>It has been ridiculously hot for several weeks in Minnesota. Our recent vacation to a cabin in Wisconsin was cut short because all we could do was sit inside with the air conditioner on and watch the condensation on the windows.  (Okay, I polished off some schlocky mysteries, but that wasn’t what I had in mind for the woods.)

Multiple sclerosis is infamous flaring up in the heat. Doctors used to diagnose MS by putting people in hot tubs of water .” If we had to fish you out,” I heard Dr. Randall Schapiro say, “that meant you had MS .”

When the weather is hot and I try to move , I discover I can’t. It’s as if a layer of cement has formed around me while I sit.

Our neighbor took his dog out for a walk .  They were heading down the sidewalk toward their front door when the dog , deciding  she had had enough, flopped down in the grass . The owner smiled indulgently at the dog and let her lie. After a couple of minutes, he tugged on the dog’s leash, urging her toward the door. The dog didn’t move. The owner tugged harder. The dog raised her head, looked at the owner, and then put her head back in the grass. The owner bent over, picked up the dog and carried her inside. I mentally applauded the dog for using animal wisdom to understand this was a day for lying in the grass.

Shut inside last winter by cold and snow, I dreamed of summer trips to nearby parks. I thought I could breathe nature into my soul this summer so that I could make it through winter months of being shut inside. So far, it’s not working. Too hot. Too hard to breathe.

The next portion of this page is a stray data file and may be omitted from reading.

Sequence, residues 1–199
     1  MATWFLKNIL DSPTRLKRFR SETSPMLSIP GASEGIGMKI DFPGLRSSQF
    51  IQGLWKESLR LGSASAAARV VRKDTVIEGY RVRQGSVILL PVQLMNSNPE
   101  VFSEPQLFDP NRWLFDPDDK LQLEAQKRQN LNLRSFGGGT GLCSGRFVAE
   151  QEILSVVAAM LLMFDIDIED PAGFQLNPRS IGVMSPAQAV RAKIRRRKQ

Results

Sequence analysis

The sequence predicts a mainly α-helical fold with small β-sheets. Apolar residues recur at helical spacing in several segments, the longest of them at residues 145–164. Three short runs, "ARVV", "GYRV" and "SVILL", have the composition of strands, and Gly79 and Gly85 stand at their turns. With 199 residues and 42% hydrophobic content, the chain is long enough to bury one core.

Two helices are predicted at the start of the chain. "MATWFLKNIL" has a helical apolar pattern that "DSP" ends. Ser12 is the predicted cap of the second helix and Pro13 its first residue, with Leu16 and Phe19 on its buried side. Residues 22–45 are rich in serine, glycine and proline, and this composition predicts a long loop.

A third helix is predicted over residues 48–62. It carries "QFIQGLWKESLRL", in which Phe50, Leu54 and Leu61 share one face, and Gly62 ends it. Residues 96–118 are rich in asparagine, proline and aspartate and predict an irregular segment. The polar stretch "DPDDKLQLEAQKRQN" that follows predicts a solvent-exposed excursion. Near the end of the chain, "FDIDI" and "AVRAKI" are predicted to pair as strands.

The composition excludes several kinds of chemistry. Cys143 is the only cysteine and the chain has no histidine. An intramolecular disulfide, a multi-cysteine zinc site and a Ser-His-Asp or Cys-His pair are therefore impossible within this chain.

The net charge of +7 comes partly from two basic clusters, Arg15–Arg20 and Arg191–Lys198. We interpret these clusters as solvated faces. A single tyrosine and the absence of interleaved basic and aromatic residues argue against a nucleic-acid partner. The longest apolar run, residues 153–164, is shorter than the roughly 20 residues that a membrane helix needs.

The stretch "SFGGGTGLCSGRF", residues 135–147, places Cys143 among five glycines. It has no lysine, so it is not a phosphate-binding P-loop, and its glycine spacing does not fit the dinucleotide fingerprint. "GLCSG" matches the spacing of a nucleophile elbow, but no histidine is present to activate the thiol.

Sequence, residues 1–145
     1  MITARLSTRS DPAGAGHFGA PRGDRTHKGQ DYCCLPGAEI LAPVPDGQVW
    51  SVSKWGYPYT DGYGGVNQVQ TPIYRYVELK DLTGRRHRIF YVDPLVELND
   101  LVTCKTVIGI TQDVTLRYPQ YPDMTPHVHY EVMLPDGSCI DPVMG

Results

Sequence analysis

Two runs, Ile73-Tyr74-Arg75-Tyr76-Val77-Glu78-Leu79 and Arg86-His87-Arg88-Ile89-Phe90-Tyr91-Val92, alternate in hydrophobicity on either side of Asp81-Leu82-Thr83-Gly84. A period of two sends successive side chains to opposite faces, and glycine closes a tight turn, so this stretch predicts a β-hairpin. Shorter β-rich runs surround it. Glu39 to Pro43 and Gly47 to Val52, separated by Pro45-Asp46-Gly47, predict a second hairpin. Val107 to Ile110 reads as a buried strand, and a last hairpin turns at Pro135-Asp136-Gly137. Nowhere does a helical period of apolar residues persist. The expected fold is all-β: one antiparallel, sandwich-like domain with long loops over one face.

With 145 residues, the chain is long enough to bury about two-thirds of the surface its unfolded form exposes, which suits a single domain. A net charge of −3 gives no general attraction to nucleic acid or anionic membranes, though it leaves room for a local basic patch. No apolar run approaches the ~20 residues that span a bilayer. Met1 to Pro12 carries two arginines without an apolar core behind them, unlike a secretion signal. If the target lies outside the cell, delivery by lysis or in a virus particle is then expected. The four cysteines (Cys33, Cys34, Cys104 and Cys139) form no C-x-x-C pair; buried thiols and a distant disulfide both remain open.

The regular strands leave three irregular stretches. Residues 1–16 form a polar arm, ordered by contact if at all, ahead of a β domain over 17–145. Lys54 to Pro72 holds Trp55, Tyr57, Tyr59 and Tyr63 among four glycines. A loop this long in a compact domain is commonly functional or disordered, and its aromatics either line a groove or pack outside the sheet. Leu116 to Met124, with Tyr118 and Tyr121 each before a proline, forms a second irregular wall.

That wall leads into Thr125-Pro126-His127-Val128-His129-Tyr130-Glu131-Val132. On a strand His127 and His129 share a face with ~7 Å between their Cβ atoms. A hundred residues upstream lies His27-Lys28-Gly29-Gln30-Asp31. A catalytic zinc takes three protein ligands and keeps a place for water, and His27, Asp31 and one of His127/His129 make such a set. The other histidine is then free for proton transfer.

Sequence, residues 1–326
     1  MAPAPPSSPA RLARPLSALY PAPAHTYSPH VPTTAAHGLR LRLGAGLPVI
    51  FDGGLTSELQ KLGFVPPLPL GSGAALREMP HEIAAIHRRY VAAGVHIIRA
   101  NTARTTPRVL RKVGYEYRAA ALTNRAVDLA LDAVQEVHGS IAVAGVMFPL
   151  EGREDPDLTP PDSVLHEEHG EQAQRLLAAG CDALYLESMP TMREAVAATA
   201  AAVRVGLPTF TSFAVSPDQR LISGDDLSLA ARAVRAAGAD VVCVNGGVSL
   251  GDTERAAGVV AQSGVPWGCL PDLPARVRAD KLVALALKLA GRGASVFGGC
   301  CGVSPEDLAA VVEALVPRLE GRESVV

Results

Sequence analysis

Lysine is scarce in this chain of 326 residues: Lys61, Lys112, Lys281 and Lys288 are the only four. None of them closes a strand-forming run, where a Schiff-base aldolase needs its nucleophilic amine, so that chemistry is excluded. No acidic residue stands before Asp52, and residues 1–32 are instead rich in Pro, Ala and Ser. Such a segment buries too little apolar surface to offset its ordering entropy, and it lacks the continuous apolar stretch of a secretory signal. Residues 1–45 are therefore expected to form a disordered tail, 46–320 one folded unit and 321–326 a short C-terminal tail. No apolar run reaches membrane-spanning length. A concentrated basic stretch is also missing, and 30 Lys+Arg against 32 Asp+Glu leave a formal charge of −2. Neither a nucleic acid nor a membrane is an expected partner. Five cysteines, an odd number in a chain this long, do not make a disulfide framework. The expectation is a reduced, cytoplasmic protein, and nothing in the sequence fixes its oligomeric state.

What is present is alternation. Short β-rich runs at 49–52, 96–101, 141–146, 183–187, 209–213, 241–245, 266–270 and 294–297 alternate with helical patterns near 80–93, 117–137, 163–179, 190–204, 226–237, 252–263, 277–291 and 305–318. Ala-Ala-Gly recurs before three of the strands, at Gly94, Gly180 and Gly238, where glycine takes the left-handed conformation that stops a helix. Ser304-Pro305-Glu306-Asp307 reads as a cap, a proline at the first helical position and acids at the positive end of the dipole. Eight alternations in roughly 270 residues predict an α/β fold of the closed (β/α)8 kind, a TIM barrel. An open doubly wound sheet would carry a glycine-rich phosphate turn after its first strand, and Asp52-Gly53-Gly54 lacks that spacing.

If I want to go beyond wheelchair range, I have to plan my trip three days in advance because of paratransit rules. Disability requires advance planning. Too inconvenient.

At first, my Sorry-Self Monster made a case for how sad it is that I cannot, like a dog, decide on impulse to lie in the grass.  My first instinct is to tell the monster to stop being such a wuss. This will make it wail louder. Not a useful response on my part.

What can I do instead?

First of all, pat the poor monster on the shoulder and give it a hug. Honestly, this is not easy. Healthy people go off to the beach or the woods or Machu Picchu on a whim. (Okay, maybe not that last one…) My point is that space must be made for those feelings of hurt and anger. The monster has a right to its feelings.

What is at the core of this fantasy? I envision myself living it: a park because that makes it accessible. Trees and quiet. Greenness and critters to watch. Extra points if I haven’t been there before.

I came close last week when I went to Carver Lake. It’s within wheelchair distance and met all the requirements except for the quiet. Because it’s a city park and it was a Saturday, there were too many engine noises and a bit of human hubhub. If I had gone earlier in the morning I would have gotten everything but the extra points.

Short-term plan: return to Carver Lake early on a weekday morning. (I’ll be late to work, but it will help my mental health so much I will be more productive when I get to my desk.)

Thinking about the big picture, I know I am nourished by nature and the arts. The sensible thing to do (after all, I have a Sensible Monster too) would be to do arts-related things in the winter and nature-related things in the summer. While my soul requires constant care and feeding, the Big Things don’t have to happen that often.

If I make a Fill-the-bucket date once a month, I bet that would keep me happy.

Long-term plan:  each month, plan a Fill-the-bucket outing for the next month, taking likely weather into account. (I just did some surfing about nature centers near me to which I could get paratransit or rides.) Since it’s near the end of the month, I will plan now for August.

(I am pleased to see that most Wikipedia dog days dates are over by late August. I am ready for some cool fall air! )